Government / Politics

Supervisors revisit idea of full-time compensation

In 2017, the board attempted to raise their salaries by 37.5% but abandoned the move following public opposition.

The San Benito County Board of Supervisors took initial steps at its April 16 meeting to make their elected positions into full-time jobs.

Though supervisorial seats are currently considered part-time positions, officials have argued in the past that the job requires full-time compensation. In 2017, the board attempted to raise their salaries by 37.5% but abandoned the move following public opposition. At the time, County Administrative Officer Ray Espinosa justified the action by comparing supervisors salaries with neighboring counties, and said they had not received a pay raise in 15 years despite an increased workload because of understaffing.

At the meeting, the supervisors directed county staff to look into public concerns regarding the move to full-time status. Concerns raised included compensation, term limits and code of conduct, before getting input from the union and, later in the process, the public.

According to a draft presented by county budget officer Stewart Patri, San Benito County approved $708,655 in salaries and benefits, services and supplies, along with other charges for the board in the 2018-19 fiscal year. That’s an increase of over $100,000 from the prior fiscal year. The board salary budget is expected to decrease to about $600,000 in the 2019-20 fiscal year, according to the draft document.

Supervisor Peter Hernandez initially spoke against the move to full-time, saying the position was not a job, but a public service to the community.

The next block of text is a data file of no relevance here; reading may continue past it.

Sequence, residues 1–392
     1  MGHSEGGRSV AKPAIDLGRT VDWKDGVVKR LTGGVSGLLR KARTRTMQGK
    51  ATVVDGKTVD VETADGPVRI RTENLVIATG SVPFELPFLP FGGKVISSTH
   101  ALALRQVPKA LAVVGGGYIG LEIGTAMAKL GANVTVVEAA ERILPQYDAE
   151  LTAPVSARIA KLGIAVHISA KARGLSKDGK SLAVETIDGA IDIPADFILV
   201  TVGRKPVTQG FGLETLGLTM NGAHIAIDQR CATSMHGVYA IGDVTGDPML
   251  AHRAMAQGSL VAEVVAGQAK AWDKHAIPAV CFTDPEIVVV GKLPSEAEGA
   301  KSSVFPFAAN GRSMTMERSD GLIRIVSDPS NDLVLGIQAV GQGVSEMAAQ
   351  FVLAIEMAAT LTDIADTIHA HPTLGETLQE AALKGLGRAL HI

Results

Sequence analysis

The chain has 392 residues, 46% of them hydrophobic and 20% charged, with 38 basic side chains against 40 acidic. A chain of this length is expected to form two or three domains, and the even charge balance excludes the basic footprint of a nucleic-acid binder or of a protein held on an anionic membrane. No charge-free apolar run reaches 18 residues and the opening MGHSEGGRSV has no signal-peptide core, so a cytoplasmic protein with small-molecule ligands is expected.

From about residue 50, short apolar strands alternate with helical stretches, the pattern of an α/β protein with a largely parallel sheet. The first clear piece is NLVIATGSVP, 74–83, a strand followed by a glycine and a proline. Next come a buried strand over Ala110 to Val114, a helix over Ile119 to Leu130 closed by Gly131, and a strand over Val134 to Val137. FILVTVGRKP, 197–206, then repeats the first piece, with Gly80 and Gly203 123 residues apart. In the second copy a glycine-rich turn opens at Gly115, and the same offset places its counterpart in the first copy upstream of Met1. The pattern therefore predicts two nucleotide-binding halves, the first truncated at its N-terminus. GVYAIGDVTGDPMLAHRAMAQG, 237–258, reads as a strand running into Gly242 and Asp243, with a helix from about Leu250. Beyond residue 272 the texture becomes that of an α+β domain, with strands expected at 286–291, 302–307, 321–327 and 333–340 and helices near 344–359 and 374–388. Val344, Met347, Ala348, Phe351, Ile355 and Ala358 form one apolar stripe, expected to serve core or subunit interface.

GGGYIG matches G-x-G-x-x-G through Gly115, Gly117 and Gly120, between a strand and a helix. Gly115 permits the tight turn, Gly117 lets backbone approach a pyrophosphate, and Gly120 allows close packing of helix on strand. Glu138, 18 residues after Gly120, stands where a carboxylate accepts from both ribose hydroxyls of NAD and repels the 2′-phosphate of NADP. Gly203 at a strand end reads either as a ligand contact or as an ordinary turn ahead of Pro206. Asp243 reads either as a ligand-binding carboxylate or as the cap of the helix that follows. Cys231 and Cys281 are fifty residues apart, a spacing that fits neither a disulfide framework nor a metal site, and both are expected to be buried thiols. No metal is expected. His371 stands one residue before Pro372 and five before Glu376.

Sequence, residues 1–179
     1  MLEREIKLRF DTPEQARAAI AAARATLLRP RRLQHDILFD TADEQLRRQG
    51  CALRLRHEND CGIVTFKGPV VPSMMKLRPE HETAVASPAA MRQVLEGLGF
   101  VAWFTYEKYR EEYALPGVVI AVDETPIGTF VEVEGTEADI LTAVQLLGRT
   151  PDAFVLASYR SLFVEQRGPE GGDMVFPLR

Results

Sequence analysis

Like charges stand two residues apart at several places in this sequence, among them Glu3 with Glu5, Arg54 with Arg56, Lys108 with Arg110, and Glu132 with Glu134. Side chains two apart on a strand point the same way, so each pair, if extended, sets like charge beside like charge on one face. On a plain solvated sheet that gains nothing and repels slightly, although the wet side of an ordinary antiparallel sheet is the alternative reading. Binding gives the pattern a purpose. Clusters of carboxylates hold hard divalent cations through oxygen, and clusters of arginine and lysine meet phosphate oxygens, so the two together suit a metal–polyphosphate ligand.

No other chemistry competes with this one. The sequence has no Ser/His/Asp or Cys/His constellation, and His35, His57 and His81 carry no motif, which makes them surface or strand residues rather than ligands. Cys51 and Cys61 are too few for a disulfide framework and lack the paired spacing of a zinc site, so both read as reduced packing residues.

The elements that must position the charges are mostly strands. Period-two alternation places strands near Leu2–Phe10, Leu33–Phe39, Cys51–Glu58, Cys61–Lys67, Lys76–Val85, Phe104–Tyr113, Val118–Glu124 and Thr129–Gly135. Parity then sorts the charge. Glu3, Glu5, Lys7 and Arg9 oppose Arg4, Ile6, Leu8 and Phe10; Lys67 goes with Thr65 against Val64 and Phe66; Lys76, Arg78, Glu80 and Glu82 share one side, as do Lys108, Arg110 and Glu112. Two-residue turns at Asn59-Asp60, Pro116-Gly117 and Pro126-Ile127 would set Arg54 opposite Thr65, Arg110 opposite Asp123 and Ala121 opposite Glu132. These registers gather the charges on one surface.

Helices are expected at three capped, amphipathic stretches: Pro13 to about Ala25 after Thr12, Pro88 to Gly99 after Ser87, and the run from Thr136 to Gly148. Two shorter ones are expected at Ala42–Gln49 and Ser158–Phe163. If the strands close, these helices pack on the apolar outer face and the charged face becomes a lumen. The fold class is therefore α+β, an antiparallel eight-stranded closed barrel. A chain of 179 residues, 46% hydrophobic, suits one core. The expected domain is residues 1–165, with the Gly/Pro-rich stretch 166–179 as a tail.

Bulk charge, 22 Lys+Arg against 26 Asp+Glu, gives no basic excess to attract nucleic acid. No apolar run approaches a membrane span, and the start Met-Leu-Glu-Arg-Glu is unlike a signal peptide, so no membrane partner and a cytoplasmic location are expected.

“I didn’t confuse myself and my intent of running or lie to myself this is a part-time job,” Hernandez said. “If we’re talking about being full-time, then I’m confused because I always thought this was literally about a full-time service to the public.”

Hernandez said he did not take his position lightly and framed his life around it to make sure he served his constituents.

Making the move to full-time compensation would attract more experienced candidates who have the flexibility to attend community events and be more accessible to constituents, Supervisor Jim Gillio said. He added that one idea to maximize supervisor accessibility is to station supervisors in different county departments and have open calendars.

“I want this position to bring us into the future,” Gillio said. “San Benito County is not the San Benito County I grew up in anymore. We have a different population. We have a different economic engine, obviously agriculture is still our number one engine. However, we have a lot of opportunity now to bring jobs and other opportunities to our community.”

Supervisor Anthony Botelho, who’s in his fourth term on the board, said he ran to serve the community and agreed with Gillio that the county has changed and that demands are increasing. He suggested that a citizens advisory commission could examine supervisor salaries.

“I don’t think I would have ran for the fourth term unless I downsized my business significantly,” Botelho said. “I gave up 100 acres of ground and it kind of enabled me to run for this fourth term.”

County employee and SEIU member Christina Chavez cautioned supervisors about the timing of their decision, with negotiations between San Benito County and the Service Employees International Union approaching this year.

“I urge you to instill the same process that our contract negotiators are held to when we request an increase in salary when determining a salary increase with a proposed full-time position of the board,” Chavez said. “And that it be driven by research and data and carefully discussed.”


Other related BenitoLink articles:

Supervisors’ vote themselves 37.5% pay raise, or is it really 55.7%?

No pay raise for supervisors



Noe Magaña

Noe Magaña is BenitoLink Co-Editor and Content Manager. He joined BenitoLink as reporter intern and was soon brought on staff as a BenitoLink reporter. He also experiments with videography and photography. He is a San Benito High School alumnus with a bachelor's in journalism from San Jose State and a Liberal Arts Associate's Degree from Gavilan College. Noe also attended San Jose City College and was the managing editor for the City College Times, the school's newspaper. He was a reporter and later a copy editor for San Jose State's Spartan Daily. He is a USC Center for Health Journalism 2020 California Fellow.